“My students remind me all the time how important it is to approach this work with humility, with an understanding that this isn’t ‘me helping you,’ this is all of us trying to take the edge off these systems of inequity.”
The sustainability office is evolving fast. When environmental studies professor Christie Manning was named Macalester’s new sustainability director in January 2020, part of her mission was to redesign the college’s approach to sustainability issues using a framework of environmental justice. Through partnerships with Twin Cities mutual aid networks and nonprofits, the office is working to reroute its focus toward dismantling environmental exploitation and white supremacy in Macalester’s own backyard.
Since 2014 Macalester students have operated a chapter of the Food Recovery Network (FRN)—a student-led movement that endeavors to donate excess food from dining halls across the country. While the coronavirus pandemic has made that work more challenging, students continue to collect unserved food and hope to expand the program when it becomes safer to do so.
Lately, student workers and volunteers have also employed the school’s ongoing Free Swap program, which has long been available to students as a place to donate or collect lightly used items of clothing and other essentials without cost, to deliver supplies to nearby houseless encampments. That work has been accomplished through a partnership with a local mutual aid organization—the People’s Protection Coalition. Mutual aid systems, in organization theory, are efforts in which people take responsibility for caring for one another and creating change.
These programs, Manning explains, are a clear example of the overlap between sustainability and social justice work.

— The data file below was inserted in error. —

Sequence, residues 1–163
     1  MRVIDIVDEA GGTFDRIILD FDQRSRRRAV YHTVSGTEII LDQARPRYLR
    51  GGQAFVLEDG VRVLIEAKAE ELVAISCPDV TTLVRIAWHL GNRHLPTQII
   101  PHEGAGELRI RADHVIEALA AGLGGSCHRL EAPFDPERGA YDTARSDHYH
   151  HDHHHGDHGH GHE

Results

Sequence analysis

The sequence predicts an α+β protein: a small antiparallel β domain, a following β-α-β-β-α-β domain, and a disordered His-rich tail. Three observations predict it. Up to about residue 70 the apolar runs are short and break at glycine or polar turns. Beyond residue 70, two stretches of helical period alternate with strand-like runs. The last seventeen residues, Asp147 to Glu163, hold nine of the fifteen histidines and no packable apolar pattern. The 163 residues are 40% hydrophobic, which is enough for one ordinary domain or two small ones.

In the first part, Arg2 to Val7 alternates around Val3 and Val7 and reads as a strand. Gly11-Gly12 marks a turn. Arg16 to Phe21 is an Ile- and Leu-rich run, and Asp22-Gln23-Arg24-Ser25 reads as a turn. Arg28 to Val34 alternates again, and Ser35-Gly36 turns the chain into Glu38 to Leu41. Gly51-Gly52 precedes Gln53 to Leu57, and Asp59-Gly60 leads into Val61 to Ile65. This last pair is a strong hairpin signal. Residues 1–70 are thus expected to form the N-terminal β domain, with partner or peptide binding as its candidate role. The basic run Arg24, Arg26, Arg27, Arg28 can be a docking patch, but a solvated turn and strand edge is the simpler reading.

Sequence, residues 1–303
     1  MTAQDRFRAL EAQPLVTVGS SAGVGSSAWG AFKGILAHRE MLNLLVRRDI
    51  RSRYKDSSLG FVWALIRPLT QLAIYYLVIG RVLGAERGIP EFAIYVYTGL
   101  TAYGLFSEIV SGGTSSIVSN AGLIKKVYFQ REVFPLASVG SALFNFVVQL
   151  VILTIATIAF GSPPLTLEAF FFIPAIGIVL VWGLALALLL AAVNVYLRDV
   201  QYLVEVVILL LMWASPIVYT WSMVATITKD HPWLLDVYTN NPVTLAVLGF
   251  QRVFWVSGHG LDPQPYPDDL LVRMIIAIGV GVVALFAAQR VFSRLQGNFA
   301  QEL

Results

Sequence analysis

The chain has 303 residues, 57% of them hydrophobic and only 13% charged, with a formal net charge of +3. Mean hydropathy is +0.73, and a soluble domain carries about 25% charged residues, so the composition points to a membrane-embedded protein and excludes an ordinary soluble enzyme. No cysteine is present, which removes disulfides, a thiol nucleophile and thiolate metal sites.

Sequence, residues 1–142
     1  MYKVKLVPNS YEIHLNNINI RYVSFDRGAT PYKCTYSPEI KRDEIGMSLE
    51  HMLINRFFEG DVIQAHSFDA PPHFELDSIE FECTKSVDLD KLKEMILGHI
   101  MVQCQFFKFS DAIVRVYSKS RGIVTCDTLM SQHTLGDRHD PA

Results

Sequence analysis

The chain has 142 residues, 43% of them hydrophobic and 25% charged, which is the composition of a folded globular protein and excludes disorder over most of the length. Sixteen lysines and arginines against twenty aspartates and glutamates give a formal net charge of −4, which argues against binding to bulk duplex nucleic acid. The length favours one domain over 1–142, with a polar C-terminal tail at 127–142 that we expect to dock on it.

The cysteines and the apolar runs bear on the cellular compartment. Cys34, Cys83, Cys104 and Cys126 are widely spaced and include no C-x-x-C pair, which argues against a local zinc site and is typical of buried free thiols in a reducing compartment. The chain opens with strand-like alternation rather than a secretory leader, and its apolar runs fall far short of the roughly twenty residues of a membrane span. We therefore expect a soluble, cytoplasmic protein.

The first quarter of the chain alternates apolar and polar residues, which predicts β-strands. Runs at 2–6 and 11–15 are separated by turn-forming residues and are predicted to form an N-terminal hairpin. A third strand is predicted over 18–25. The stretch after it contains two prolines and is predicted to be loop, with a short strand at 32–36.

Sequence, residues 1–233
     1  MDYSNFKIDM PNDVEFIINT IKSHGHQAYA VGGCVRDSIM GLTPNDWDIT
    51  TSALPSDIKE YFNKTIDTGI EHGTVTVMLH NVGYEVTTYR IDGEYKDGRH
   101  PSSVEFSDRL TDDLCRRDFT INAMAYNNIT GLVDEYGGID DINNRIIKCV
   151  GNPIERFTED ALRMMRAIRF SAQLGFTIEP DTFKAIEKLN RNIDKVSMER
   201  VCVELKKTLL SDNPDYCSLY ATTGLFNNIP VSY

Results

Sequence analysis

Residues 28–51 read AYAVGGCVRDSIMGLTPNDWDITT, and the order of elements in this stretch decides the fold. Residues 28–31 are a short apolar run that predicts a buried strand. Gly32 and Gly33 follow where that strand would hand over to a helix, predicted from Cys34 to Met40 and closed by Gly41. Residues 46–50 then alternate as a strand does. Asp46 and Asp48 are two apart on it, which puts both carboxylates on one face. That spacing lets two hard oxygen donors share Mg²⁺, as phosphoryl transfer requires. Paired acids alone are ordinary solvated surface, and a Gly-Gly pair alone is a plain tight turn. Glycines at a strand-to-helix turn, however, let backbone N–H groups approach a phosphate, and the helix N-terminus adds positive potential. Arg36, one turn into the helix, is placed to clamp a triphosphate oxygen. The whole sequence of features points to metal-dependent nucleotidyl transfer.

“One of my goals is to have a new, wider definition of sustainability at Macalester,” Manning says. “Sustainability is also about preserving human well-being, and making it possible for all humans to survive and flourish.”
Facilities zero-waste coordinator Charlee Gorham ’21 (Woodbridge, Conn.) agrees.
“Environmental exploitation always directly harms low-income communities and communities of color much more than wealthy white communities,” says Gorham, citing interwoven examples of St. Paul housing and intentional redevelopment history, including the displacement of families from the Rondo neighborhood to build I-94 in the 1950s and 1960s and how that relates to the houseless encampment along the interstate today. “Macalester is a part of the redevelopment that changed our neighborhood’s environment. As people who benefit from that ongoing exploitation and gentrification, we have to do our part to repair the damage.”
As Gorham points out, there is a history of ‘white savior’ narratives surrounding the pursuit of environmental justice. At majority-white campuses like Macalester, efforts to center historically marginalized communities in environmental activism can be read as self-serving charity work rather than as an integral part of the office’s mission.
“My students remind me all the time how important it is to approach this work with humility, with an understanding that this isn’t ‘me helping you,’ this is all of us trying to take the edge off these systems of inequity,” Manning says. “What happens within Macalester affects the larger Twin Cities community, and vice versa.”
Gorham implores Mac alumni to connect with mutual aid work happening wherever they live—or even start a food recovery network of their own. “Our college degrees give us power and privilege. Give everything you can to the most vulnerable in your communities,” Gorham says. “This is how we reimagine community care.”
February 24 2021Back to top